Theatre review by Hannah Richardson
If you’re looking for an antidote to the dank August weather, La Cage Aux Folles is bringing a blast of colour and sparkle to Milton Keynes Theatre until Saturday night.
Think showgirls, drag queens, sequins, feathers and glitz, add in catchy tunes, a touching love story and an absurd family farce and you’ve got a musical that brought the audience joyously to its feet at Tuesday’s press night.
The original production of La Cage aux Folles broke all box office records when it opened in Boston in 1983 and went on to win six Tony Awards on Broadway. The London Palladium production in 1986 co-starred Denis Quilley.
More than 30 years later, and in very different times, a brand new production of the show, produced by Bill Kenwright, is now on its first UK tour.
Written by Harvey Fierstein and Jerry Herman, and based on the 1973 French play by Jean Poiret, La Cage Aux Folles follows the story of Georges, the manager of a Saint Tropez nightclub, and his partner, Albin, a drag artiste and the club’s star attraction.
Georges and Albin live happily together... until Georges’ son Jean-Michel announces his engagement to the daughter of a right-wing politician.
Farce ensues when Jean-Michel begs them to cover up their colourful lifestyle to win over the parents.
John Partridge, best known for playing Christian Clarke in EastEnders, won the audience’s heart with his portrayal of Albin.
Not only did he look and sound great as drag queen ZaZa, belting out the big numbers, but he also dealt well with the role’s considerable pathos, holding the audience completely spellbound in the quieter moments.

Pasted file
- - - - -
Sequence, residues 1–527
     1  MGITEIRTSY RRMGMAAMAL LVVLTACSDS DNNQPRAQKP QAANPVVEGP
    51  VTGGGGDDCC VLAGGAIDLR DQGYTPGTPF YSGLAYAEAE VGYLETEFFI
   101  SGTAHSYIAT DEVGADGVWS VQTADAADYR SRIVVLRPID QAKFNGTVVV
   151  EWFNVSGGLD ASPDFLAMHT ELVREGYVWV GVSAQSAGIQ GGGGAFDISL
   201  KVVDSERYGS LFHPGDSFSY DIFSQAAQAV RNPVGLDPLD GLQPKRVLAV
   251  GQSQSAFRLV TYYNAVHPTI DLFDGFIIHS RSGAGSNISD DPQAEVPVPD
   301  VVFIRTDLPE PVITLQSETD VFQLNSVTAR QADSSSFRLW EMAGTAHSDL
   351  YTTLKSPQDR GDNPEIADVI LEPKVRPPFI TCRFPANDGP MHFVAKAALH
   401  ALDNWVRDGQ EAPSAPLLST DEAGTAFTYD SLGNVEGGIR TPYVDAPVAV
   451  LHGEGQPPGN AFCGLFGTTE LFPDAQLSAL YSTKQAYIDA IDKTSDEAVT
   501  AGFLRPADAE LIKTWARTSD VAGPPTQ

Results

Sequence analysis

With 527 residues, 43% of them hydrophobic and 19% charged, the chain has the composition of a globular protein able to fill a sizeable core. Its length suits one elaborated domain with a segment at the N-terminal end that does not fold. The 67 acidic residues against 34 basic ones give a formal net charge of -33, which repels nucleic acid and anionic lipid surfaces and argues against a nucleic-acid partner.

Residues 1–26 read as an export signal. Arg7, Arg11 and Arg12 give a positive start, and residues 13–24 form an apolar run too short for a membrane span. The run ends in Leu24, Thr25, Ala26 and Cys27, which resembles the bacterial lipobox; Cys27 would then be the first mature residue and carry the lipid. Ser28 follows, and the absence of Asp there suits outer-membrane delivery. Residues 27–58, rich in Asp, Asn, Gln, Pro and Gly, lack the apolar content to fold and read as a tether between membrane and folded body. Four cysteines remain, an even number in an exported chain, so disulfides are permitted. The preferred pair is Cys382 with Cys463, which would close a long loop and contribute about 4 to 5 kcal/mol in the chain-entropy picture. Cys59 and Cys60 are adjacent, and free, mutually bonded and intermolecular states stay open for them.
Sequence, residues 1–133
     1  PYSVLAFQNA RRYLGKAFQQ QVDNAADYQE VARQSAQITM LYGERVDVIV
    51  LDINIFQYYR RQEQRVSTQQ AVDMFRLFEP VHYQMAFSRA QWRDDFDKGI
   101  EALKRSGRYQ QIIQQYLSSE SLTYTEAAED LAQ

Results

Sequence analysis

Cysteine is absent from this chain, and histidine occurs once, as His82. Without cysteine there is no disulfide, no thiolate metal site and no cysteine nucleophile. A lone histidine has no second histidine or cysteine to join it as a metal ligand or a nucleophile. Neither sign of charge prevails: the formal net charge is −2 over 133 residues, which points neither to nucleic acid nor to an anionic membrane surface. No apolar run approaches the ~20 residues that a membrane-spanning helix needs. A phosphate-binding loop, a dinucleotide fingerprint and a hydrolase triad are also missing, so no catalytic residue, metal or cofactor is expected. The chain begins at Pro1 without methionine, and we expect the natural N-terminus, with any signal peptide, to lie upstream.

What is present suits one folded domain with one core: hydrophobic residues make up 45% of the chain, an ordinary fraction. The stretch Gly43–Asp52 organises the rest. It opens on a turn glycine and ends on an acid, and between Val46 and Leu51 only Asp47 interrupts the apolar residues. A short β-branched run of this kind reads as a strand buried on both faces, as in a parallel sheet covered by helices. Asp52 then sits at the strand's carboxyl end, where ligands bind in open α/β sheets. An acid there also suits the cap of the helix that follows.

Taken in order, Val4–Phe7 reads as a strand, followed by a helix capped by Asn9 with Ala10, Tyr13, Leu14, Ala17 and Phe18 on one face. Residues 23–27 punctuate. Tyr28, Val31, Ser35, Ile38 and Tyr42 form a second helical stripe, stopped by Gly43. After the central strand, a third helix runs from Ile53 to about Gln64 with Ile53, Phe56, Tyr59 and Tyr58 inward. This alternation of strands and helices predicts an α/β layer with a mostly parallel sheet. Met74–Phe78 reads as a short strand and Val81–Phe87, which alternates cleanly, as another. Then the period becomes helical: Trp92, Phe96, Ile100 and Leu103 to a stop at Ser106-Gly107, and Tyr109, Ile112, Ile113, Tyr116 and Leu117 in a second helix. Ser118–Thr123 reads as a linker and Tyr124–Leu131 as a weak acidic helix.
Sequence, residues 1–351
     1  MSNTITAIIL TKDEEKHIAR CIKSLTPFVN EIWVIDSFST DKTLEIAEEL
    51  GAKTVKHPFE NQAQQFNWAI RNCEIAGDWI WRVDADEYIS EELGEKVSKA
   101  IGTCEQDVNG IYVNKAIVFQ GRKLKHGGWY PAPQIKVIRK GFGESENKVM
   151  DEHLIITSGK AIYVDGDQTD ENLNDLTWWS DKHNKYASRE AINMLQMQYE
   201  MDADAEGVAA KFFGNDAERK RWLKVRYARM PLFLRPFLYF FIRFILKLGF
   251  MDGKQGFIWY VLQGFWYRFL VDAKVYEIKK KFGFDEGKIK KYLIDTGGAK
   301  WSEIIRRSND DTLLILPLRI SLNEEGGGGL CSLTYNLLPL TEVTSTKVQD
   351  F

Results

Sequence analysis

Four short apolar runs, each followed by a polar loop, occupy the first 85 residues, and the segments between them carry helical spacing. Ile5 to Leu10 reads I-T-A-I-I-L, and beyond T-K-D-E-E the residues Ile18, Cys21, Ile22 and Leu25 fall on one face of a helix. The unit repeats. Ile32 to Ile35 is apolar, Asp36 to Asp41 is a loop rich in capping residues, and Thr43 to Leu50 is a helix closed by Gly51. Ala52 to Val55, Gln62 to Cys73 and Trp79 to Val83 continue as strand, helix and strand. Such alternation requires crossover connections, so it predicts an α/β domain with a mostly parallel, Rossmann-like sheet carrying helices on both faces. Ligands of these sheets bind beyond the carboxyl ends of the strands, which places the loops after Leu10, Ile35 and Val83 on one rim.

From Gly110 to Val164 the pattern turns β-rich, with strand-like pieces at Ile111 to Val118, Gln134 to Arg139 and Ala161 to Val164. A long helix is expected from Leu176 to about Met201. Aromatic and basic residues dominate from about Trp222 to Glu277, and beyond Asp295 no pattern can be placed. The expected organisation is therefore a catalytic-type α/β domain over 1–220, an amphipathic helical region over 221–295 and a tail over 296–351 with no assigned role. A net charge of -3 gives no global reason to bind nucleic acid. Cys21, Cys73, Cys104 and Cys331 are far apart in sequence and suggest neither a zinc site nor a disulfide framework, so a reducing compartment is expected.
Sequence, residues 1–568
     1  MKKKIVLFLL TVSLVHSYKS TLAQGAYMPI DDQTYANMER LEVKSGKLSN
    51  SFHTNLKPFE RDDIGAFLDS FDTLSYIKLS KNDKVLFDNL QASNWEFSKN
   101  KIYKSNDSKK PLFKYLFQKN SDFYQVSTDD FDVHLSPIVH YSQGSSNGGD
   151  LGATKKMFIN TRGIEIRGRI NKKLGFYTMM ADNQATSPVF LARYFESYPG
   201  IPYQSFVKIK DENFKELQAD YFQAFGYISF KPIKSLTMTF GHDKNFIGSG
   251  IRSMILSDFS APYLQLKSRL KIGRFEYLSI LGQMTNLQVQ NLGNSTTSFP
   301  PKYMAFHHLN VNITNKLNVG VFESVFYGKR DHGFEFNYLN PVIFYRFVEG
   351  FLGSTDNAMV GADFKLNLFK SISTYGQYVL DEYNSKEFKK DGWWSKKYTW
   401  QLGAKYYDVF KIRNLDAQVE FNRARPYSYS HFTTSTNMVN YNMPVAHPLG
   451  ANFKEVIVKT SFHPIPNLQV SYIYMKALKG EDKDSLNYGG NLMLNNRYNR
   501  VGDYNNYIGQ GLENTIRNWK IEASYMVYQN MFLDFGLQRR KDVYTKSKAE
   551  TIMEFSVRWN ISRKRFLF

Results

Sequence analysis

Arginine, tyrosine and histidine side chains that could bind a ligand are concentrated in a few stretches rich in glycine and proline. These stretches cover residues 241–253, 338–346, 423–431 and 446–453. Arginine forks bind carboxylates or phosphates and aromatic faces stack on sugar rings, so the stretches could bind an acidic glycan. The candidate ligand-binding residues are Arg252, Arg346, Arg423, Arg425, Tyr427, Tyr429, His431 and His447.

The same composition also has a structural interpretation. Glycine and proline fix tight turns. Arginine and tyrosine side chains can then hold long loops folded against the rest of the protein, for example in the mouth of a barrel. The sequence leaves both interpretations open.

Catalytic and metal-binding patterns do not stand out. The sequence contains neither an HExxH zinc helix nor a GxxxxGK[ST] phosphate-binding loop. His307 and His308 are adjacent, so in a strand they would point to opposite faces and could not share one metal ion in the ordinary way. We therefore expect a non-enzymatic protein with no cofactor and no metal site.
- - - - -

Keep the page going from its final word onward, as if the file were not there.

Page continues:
American film, TV and Broadway veteran Adrian Zmed co-stars as Georges, and the two characters are nicely balanced, although I would have liked to have felt a little more chemistry between them.
TV star and recording artist Marti Webb brings a surprising and delightful element to the show as restaurataur Jacqueline.
Samson Ajewole also gives a hugely enjoyable performance as the ‘maid’, Jacob.
The show is held together by a talented and energetic seven-strong male chorus line, who apparently effortlessly change from one spectacular set of costumes to another, looking so glamorous it’s sometimes hard to believe they’re actually boys – until they triumphantly doff their wigs at the end of a number, or wander across the set topless.
The story is nonsensical but funny, the acting is good, the costumes and the set are great, the tunes are catchy and the love story between Georges and Albin is truly heartwarming.
It certainly brightened up my week.
Box office: 0844 871 7652 or seewww.atgtickets.com/miltonkeynes